This is one of the great works in the fields of visual perception and cognitive psychology. J.J. Gibson was originally an important contributor to the cognitive revolution, which famously attacked Behaviorists for ignoring the reality of internal mental processes. He focused on how animal sensory systems compute information from their environments in meaningful ways, such as a use of "optic flow" patterns of motion to track their heading as they move through their terrain, and a perception of objects dependent upon their possible uses ("affordances").
Later in life, however, Gibson grew frustrated with the standard reductionist approach to visual perception. He felt that certain fundamental aspects of animal perception were being overlooked, and that "retina-centered" models of vision would never address them. Inspired by the German Gestalt psychologists, Gibson began to promote a theory of visual processing that stressed what he felt was essential to perception, leaving the details about physiology by the wayside. He framed visual perception, along with all other sensory modalities, as important only to allow animals to act upon and interact with their surroundings. Perception as information for action, rather than as a passive documentation of external events.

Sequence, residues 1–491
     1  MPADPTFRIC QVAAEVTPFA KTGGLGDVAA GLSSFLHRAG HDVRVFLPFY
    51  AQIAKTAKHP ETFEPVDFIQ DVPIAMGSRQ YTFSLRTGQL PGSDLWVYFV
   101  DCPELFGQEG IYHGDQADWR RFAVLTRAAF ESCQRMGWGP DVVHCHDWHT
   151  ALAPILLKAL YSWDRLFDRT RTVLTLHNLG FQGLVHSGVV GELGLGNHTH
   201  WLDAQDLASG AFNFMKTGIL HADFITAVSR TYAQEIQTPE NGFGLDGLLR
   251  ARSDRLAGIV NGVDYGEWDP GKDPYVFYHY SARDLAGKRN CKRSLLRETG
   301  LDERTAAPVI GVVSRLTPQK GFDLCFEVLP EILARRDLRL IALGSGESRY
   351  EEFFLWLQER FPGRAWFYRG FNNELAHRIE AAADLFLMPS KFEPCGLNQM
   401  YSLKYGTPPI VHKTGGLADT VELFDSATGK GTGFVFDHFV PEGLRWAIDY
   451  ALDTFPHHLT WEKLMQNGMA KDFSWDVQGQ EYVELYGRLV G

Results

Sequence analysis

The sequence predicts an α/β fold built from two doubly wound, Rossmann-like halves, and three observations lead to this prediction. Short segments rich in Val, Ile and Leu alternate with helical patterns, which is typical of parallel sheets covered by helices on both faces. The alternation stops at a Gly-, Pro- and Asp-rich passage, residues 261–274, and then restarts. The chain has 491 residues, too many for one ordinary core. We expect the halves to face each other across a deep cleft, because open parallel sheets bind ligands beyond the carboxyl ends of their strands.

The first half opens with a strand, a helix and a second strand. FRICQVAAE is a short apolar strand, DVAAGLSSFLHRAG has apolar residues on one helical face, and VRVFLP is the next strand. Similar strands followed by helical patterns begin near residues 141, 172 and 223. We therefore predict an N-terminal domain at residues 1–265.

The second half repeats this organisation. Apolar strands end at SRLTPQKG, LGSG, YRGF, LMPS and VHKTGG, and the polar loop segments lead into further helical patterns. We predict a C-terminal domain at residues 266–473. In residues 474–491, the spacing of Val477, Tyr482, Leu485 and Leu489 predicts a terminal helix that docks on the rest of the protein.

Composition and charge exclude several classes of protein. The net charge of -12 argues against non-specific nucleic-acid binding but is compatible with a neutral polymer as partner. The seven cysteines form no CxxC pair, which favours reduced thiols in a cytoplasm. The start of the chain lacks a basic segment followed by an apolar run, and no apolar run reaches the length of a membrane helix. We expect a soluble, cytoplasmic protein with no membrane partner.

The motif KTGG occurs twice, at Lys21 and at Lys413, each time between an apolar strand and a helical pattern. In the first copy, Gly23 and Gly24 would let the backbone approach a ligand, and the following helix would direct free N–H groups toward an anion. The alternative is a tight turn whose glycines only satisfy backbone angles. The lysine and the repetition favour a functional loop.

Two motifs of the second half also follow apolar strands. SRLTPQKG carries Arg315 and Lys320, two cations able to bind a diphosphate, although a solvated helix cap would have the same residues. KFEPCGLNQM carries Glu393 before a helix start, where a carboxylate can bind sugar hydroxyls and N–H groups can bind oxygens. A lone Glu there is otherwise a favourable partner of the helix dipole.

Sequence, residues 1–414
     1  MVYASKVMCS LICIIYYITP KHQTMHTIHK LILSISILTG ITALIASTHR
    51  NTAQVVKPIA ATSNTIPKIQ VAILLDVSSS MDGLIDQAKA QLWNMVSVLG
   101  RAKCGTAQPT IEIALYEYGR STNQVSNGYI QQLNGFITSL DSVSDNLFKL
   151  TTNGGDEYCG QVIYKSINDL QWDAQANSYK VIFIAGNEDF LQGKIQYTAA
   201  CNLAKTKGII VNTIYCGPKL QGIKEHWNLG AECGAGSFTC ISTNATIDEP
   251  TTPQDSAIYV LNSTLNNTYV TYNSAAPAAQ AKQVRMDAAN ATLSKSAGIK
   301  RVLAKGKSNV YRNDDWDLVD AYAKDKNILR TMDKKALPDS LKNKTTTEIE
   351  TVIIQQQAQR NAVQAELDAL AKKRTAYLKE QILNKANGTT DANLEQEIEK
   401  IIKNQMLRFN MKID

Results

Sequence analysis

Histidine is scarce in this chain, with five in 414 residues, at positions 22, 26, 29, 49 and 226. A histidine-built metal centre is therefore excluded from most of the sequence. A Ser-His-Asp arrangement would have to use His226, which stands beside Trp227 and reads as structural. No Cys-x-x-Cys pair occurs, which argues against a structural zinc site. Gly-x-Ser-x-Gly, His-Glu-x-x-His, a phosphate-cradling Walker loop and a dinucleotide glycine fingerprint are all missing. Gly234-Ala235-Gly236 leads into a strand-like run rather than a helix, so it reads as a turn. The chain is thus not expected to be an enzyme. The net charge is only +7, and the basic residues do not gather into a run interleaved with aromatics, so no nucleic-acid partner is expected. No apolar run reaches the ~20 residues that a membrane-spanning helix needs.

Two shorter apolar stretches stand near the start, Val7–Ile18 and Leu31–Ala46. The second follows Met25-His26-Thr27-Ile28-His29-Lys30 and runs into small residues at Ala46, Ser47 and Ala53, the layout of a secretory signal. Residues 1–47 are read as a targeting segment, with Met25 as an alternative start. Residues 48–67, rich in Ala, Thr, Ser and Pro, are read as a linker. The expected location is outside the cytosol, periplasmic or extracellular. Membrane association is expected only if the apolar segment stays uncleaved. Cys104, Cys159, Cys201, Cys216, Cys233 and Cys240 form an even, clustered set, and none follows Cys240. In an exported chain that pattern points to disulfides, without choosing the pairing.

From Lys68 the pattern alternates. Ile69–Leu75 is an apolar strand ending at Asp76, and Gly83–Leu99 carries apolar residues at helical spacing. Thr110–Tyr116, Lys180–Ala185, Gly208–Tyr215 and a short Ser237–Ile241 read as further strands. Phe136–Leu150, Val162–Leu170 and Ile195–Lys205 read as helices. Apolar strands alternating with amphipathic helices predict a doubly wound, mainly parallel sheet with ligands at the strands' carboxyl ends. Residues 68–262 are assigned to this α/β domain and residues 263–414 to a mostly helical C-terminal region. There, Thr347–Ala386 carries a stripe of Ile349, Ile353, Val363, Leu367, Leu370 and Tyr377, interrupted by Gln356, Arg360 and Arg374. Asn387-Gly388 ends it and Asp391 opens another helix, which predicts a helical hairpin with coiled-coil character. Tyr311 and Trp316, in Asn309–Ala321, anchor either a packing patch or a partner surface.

For the uninitiated, some of the ideas in this book are way outside of conventional conceptualizations of the world. Let him expound upon his ideas, however, and you'll soon be thinking about your own everyday phenomenological experiences from a fresh and exciting perspective. His writing style is careful and thorough, to the point of sometimes being redundant, but he is nonetheless lucid, accessible, and quite entertaining to read.
Another reviewer described this as being a work of Objectivism. Perhaps that argument could be made, but I don't think Gibson himself would care for such talk. This work is all about ecological validity, and "pure" objective truth has little value in the life of most animals (and only a handful of humans at that). Affordances are in the eye of the beholder, and so an "objective" pencil might be perceived as a writing tool for one animal, nest-making material for another, a stabbing weapon for another, and something for a fourth animal to ignore. But I digress...
If you are interested at all in the philosophy of agency, visual perception, cognitive psychology, ecological or comparative cognitive studies, definitely try this book. If you like it, and you have questions as to how ecologically tuned perception develops (a topic that this book does not cover), I also recommend his wife Eleanor Gibson's book, "An Ecological Approach to Perceptual Learning and Development." Also accessible, and yet incredibly insightful.